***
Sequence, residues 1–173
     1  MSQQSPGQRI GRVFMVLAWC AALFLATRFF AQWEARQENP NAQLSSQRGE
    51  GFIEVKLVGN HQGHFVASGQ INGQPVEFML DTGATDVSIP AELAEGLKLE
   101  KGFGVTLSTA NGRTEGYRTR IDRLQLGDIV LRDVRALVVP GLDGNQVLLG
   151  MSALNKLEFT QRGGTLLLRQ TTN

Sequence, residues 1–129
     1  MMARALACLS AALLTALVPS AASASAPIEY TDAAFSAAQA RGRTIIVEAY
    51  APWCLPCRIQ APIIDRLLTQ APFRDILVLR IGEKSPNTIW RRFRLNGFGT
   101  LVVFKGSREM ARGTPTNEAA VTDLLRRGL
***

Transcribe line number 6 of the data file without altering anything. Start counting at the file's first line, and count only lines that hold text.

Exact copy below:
Sequence, residues 1–129